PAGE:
How Next Generation Algorithms Can Affect Your Marketing Strategy


Having spent time understanding and clarifying demographic targeting, you will pay back your business, and manipulating the algorithms will not help you.

Algorithms began to determine a significant part of modern marketing strategies. The Google search engine algorithm determines which websites are most effective in relevant search results, driving search engine optimization and related strategies. Facebook and other social networking sites use algorithms to determine the types of content that their users prefer by defining strategies in SMM and content marketing.

Over time, these algorithms become more complex; technology companies implementing them collect more data, improve their processes and deliberately complicate the “game” using a patented and new tactic. Although you can try to break these new updates, it's hard to say for sure how they function at a basic level.

Algorithms will become even more complex in the future. So, how should you prepare to adjust your strategies to adapt to this.

The future of marketing algorithms

You need to understand how the algorithms are likely to evolve. It is worth remembering several key areas of development, most of which are due to more advanced artificial intelligence, improved and large amounts of data.

• Removing human control. Today, most advanced marketing related algorithms are based on supervised learning or the process of using people to control and manage machine learning systems. However, next-generation algorithms are likely to rely on themselves. For example, the Google RankBrain update is self-adaptive to improve its ability to “understand” the meaning of complex user queries. Accordingly, it will be more difficult to guess what factors the algorithm takes into account, since even the people who developed it will not have directive control over how it develops.

• Prevention of manipulation. Marketers love finding ways to increase their chances of being supported by publicly available algorithms. SEO and all related sub-strategies are aimed at optimizing content, page titles, inbound links and many other factors to make web pages more authoritative in the eyes of Google. Of course, Google condemns overt manipulation of ranking and has many built-in algorithmic factors to test and punish such schemes. But their algorithms may not do much in their current state. Future versions will be so effective at detecting manipulative or unnatural content that another check is not needed.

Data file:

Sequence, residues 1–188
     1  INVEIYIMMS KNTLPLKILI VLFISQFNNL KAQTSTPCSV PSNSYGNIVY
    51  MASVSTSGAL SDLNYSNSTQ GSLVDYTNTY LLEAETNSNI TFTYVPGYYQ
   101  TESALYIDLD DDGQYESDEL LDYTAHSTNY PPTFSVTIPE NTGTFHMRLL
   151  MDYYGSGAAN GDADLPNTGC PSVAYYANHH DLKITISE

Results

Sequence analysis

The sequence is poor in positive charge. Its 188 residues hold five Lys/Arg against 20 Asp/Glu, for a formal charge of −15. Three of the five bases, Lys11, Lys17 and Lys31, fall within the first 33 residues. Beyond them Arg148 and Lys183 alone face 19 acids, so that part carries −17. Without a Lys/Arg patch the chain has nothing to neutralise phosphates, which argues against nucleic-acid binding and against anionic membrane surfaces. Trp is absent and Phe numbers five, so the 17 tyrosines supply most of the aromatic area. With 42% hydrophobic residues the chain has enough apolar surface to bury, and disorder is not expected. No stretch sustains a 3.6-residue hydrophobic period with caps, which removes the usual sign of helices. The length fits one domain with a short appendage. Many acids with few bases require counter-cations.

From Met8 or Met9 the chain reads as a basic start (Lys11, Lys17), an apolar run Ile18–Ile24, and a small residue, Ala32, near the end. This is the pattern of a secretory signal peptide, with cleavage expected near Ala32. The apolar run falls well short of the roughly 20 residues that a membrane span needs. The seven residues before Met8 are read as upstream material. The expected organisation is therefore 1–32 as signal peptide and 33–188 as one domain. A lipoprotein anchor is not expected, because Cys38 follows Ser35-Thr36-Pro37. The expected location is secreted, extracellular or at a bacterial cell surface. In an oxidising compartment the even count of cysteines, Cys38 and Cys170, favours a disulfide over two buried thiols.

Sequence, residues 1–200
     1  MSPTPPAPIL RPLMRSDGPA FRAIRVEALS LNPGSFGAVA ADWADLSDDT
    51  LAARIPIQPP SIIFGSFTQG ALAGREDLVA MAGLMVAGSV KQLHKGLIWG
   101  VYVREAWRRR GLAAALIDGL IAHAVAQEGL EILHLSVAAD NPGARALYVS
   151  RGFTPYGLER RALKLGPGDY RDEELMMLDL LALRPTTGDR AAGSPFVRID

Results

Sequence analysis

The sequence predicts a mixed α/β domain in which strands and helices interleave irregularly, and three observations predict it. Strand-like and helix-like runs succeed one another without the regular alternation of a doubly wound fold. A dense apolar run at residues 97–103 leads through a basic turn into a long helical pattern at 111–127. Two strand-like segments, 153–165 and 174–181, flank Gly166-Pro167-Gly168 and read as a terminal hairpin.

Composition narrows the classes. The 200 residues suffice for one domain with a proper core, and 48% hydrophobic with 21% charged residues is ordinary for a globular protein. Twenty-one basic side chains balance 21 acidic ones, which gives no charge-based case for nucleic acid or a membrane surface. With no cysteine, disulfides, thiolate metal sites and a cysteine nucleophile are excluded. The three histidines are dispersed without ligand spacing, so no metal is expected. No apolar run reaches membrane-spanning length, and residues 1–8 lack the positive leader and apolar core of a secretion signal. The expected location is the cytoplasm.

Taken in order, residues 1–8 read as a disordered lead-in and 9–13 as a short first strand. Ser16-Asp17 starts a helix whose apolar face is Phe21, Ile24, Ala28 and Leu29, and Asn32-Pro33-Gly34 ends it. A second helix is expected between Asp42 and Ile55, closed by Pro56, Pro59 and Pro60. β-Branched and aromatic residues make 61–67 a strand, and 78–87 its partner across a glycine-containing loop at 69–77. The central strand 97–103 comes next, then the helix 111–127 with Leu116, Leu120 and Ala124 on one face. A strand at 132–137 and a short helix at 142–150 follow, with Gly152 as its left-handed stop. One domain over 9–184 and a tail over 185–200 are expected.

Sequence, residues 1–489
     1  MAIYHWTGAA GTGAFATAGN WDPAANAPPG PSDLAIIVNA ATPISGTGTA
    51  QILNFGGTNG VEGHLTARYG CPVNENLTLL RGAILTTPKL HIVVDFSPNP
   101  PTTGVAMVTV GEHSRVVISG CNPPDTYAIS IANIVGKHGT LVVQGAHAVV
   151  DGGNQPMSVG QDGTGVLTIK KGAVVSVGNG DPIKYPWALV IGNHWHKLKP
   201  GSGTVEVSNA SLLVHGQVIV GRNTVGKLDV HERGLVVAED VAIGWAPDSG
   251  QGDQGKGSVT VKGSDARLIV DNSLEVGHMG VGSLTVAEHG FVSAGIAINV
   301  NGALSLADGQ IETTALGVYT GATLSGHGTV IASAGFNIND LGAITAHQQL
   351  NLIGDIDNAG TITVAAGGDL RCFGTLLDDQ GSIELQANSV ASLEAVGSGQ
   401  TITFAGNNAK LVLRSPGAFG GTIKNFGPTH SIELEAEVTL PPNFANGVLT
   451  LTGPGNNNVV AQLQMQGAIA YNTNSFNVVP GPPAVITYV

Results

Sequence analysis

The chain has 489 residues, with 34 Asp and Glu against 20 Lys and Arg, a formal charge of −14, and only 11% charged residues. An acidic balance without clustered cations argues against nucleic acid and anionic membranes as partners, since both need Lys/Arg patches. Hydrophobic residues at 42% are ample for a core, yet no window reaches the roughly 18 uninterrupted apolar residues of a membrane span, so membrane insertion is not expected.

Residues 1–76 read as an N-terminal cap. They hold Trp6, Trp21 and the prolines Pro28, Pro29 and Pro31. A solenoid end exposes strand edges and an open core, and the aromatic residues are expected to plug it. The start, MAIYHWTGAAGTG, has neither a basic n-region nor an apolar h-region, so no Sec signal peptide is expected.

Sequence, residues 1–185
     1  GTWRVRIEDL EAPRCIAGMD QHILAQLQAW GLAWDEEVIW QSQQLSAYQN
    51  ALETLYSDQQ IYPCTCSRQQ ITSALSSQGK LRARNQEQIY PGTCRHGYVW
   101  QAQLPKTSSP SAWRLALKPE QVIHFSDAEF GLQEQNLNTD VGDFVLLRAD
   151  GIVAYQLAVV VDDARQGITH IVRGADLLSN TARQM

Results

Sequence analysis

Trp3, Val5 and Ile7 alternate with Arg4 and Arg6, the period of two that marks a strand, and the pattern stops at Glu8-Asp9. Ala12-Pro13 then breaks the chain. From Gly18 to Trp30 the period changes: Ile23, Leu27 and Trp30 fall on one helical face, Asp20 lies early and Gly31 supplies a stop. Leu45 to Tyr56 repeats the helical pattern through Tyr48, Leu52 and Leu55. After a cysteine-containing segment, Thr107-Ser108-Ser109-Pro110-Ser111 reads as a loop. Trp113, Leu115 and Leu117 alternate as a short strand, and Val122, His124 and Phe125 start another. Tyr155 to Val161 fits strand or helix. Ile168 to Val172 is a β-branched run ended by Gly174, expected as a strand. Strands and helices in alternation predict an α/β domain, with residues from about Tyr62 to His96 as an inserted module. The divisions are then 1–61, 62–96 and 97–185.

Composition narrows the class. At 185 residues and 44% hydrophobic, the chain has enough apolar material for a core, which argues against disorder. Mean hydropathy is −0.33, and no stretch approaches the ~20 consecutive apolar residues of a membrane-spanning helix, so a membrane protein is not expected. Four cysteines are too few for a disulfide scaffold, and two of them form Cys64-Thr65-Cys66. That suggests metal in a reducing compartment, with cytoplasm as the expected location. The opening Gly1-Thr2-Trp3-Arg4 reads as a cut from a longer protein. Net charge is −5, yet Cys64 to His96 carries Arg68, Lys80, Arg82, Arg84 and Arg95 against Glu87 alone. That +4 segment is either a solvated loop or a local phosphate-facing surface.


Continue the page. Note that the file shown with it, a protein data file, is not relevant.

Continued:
• Flexibility. Perhaps the most important factor to consider is the flexibility and customizability of future algorithms. Currently, you are used to using the version of Google search, which can be very different from the "standard" version of Google search; Google includes many factors, including your location and search history. In the near future, the algorithms will be highly individualized everywhere, and it will be difficult to predict at a high level, otherwise you will have to "pay for the game", spending advertising dollars on the ability to target hyperspecific audiences.

What does this mean for marketers

So what does this mean for your marketing campaigns? To get started, don’t start to worry about your current marketing efforts becoming obsolete. Algorithms, like any technology, are gradually changing, and you will have many opportunities to improve your approach and adapt to new changes before they become unrecognizable.

In addition to this, there are several steps you can take to prepare for the future:

• Keep up with tech blogs and individual developers. Many technology companies have an official blog (for example, Google), and at least a few developers who occasionally post messages about new and upcoming changes. Stay tuned for these content releases to keep abreast of new developments and get new information right from the source. You will receive updates as they become available.

• Avoid manipulation. Any effort you make to take advantage of the algorithm should be as natural and valuable as possible to users. If you want your content and product lists to be forever green, you cannot risk becoming a victim of any future update designed to weed out manipulative content. When developing new material, carefully follow the wording, formatting, and intentions.

• Refine your demographic targeting. Future algorithms will take into account individual preferences, so understanding your target audience as an integrated “group” will not be enough. Obviously, you cannot recognize each of your customers individually, but you can do more to understand the individual types of users that make up your main groups, including what content and products they need most.

Algorithms are already complicated. In the future, they will be even more effective and even more obscure. However, if you focus on the needs of the audience, you can stay ahead of the competition and the next generation algorithms will only be conducive to your business.